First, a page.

Edward Cardinal Mooney added a bit of tragic drama to the Conclave of 1958. Born in 1882 in Mount Savage, Maryland, the seventh child in his family, he moved with them to Youngstown, Ohio at the age of 5. His father was a tube mill worker and died in the early 1890’s. His mother opened a small baking shop to support the family, and George and his brothers and sisters delivered the goods to customers. He began his studies for the priesthood at Saint Mary’s Seminary in Baltimore and concluded them at the North American pontifical college. Ordained in 1909, he taught dogmatic theology at Saint Mary’s Seminary in Cleveland until 1916. He was the founding principal of the Cathedral Latin School in Cleveland from 1916-1922.
Made the spiritual director of the North American Pontifical College in Rome in 1923, he received the unique assignment of being the Apostolic Delegate to India and made a Titular Archbishop. In India he helped found 15 missions and three parishes. In 1931 he was made Apostolic Delegate to Japan. In 1933 he was made fourth Bishop of Rochester with the personal title of Archbishop. In 1937 he was named the first Archbishop of Detroit, receiving a Cardinal’s cap from Pope Pius XII in 1946.
Like most Catholic clergy of his generation, he was very pro-labor unions which stood him in good stead in the heavily unionized Detroit. He immediately clashed heads with Father Charles Coughlin, the fiery controversial radio priest who operated from Royal Oak, Michigan. The clashes continued until Father Coughlin agreed to end his radio program in 1942.
During World War II he was a strong supporter of the war effort viewing Nazi Germany as a mortal adversary of Christianity.
At the Conclave of 1958 he had a massive heart attack in Rome and died at age 70 just three hours before the Conclave began. The more deranged sedevacantists claim that Mooney was murdered to help deny Cardinal Siri the papal throne, which is pure, unadulterated one hundred percent bunk.
If Cardinal Mooney had not died before the Conclave, the Conclave might have killed him. It lasted four days and 11 ballots before the election of Angelo Roncalli, Patriarch of Venice, was elected as a compromise candidate. No one was more surprised than the 77 year old Roncalli at his election. He had purchased a round trip ticket and hoped that the Conclave would be a short one so that he could get home quickly. He decided to reign as Pope John XXIII.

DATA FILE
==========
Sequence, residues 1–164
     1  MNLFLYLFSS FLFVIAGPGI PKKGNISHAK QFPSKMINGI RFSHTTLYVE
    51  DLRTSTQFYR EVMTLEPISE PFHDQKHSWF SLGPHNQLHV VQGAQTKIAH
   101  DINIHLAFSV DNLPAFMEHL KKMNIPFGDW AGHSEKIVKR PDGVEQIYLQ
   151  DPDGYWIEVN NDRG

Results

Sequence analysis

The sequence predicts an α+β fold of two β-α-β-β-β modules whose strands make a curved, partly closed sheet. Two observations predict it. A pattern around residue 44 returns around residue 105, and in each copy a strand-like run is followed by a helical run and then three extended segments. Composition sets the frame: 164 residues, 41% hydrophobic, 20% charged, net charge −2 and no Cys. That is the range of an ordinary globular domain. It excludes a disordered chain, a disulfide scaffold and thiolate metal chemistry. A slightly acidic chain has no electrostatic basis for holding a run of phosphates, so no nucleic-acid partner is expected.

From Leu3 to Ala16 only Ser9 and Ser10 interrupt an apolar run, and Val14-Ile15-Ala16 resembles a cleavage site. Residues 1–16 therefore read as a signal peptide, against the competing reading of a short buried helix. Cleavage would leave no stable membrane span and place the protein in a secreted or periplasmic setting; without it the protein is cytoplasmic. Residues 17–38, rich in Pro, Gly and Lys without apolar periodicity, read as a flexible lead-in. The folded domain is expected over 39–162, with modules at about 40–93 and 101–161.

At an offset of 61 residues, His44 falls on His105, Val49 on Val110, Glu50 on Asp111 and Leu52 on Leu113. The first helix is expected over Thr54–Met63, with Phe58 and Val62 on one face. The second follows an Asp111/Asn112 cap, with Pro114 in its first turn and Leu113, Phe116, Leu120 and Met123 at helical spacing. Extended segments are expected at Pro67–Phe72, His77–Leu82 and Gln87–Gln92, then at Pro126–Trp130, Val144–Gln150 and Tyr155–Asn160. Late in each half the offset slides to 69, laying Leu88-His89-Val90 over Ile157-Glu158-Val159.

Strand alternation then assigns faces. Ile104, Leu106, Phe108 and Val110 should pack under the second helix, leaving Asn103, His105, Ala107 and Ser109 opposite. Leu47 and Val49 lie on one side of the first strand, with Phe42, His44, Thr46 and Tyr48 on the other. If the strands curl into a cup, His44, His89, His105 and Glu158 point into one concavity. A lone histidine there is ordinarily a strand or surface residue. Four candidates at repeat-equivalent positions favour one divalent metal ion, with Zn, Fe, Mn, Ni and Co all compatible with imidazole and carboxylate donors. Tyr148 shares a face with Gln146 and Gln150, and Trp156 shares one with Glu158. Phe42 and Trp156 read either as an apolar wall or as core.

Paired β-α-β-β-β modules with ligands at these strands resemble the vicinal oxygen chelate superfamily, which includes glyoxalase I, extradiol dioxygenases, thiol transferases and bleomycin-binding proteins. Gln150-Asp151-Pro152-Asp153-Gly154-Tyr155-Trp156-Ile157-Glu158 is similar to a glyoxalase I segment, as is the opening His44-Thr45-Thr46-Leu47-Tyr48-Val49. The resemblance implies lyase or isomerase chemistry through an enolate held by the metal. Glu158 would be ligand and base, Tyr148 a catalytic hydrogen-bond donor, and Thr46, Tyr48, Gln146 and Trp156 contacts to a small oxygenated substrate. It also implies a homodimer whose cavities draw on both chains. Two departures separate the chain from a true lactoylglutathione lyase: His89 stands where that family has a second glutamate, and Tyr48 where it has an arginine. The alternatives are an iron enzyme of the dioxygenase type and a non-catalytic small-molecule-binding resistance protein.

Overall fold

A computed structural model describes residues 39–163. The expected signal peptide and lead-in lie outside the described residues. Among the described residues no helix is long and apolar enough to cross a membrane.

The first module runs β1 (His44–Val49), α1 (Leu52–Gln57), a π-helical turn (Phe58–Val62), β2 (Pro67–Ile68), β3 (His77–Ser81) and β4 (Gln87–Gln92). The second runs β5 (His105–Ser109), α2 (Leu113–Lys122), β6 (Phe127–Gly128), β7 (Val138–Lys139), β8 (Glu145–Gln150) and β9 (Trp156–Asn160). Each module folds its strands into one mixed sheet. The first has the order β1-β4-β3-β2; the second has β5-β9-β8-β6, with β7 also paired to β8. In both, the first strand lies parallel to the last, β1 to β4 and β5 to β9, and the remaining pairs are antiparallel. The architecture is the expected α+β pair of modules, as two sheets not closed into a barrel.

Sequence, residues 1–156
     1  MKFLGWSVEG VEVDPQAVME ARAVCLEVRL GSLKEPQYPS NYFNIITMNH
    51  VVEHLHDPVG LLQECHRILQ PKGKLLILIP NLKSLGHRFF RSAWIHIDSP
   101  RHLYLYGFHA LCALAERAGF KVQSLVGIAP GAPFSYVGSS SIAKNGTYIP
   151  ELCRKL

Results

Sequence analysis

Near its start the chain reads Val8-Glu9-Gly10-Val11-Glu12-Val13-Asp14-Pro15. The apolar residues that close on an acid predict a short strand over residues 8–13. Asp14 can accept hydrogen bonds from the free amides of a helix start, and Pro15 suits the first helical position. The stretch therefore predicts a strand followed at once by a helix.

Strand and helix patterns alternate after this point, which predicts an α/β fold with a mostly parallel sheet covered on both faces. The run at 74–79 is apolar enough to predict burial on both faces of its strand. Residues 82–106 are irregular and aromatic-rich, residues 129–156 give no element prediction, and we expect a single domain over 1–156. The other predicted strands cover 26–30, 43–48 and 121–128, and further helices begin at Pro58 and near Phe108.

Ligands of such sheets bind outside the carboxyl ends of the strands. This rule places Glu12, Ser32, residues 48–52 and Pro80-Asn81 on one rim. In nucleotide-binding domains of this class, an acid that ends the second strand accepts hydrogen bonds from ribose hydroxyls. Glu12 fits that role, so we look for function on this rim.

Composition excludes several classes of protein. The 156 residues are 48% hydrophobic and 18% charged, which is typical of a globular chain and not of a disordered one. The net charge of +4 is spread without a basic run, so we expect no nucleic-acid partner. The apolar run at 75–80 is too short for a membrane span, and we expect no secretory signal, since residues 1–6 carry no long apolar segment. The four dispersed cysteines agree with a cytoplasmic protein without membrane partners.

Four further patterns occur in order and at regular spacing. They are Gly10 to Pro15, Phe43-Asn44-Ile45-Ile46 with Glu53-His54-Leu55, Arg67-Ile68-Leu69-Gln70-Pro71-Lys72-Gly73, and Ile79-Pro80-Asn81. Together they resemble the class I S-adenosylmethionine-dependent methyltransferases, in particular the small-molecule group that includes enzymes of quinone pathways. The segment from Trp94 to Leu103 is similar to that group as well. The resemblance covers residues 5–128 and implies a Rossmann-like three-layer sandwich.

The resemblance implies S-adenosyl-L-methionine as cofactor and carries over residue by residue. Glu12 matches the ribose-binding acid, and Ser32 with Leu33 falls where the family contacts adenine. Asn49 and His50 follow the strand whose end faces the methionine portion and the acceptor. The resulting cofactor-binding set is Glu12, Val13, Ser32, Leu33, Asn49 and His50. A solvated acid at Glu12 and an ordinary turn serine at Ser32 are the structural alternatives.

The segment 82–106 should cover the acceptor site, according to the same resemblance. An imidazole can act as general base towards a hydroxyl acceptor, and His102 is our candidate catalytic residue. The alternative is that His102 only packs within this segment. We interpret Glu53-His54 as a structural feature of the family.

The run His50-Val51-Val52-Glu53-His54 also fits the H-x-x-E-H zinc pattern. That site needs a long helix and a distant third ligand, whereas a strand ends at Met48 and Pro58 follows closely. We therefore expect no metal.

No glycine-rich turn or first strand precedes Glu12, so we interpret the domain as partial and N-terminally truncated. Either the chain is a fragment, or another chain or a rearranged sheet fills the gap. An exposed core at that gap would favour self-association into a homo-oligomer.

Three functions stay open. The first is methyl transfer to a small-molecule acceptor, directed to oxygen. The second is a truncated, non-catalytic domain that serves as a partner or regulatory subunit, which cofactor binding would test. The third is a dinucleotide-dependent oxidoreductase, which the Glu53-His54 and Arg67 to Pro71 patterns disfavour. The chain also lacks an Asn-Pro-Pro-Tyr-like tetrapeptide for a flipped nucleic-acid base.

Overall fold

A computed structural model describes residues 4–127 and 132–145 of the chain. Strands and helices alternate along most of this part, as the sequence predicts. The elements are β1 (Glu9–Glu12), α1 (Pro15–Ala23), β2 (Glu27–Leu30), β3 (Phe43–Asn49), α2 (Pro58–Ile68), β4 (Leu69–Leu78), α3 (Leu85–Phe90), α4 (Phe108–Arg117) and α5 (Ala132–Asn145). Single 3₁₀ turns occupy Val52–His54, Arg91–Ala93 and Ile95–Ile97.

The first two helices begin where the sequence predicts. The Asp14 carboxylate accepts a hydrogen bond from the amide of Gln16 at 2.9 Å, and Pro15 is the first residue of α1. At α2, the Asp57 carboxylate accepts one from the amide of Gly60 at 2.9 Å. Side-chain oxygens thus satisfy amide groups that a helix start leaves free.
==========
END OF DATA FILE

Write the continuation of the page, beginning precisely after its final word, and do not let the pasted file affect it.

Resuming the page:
Roncalli was born in 1881 to a family of peasants, the fourth child and first son, in a family that would grow to 13 kids. He was ordained a priest in 1904. In 1905 he became secretary to the Bishop of Bergamo, working in that capacity until 1915 while lecturing at the local seminary. He served in the Italian Army during World War I as a sergeant, assigned as a stretcher bearer and a chaplain. Of his experiences during the War he wrote: “I thank God that I served as a sergeant and army chaplain in the First World War. How much I learned about the human heart during this time, how much experience I gained, what grace I received.”
After the War he was appointed spiritual director of the seminary in Bergamo. In 1921 Pope Benedict named him the director of the Italian society for the propagation of the faith. In 1925 Pope Pius XI made him Apostolic Visitor for Bulgaria where he served for a decade. His perpetual sunny demeanor behind which a very shrewd mind lurked made him a natural diplomat. In 1935 he was made Apostolic Delegate to Greece and Turkey. During the war he saved thousands of lives of those, especially Jews, under threat from the Nazis. One of his tactics was to issue “baptismal certificates of convenience” to priests to fill out to falsely assert that Jews were actually baptized Catholics. When he was praised for his activity after the War he said that all praise should be directed towards Pope Pius XII who made it clear that the lives of innocents suffering persecution were to be saved.
In 1953 the Pope made him cardinal and Patriarch of Venice. No doubt at his age Cardinal Roncalli assumed that he reached the pinnacle of his career and only retirement awaited.
After his election as Pope, John XXIII charmed the world with his pronounced sense of humor, warmth and his obvious love for all of humanity. His five year papacy of course was dominated by his calling Vatican II. How one looks at the Council can’t help but determine how one looks at Pope John. Of course John did not live to implement the Council or even to see its end, dying stoically of stomach cancer in 1963. Pope John was a man of traditional Catholic spirituality. I can’t help but think he would have been appalled at much of the implementation of Vatican II. How he would have reacted to it if he had lived is one of the great “what ifs” of modern Church history.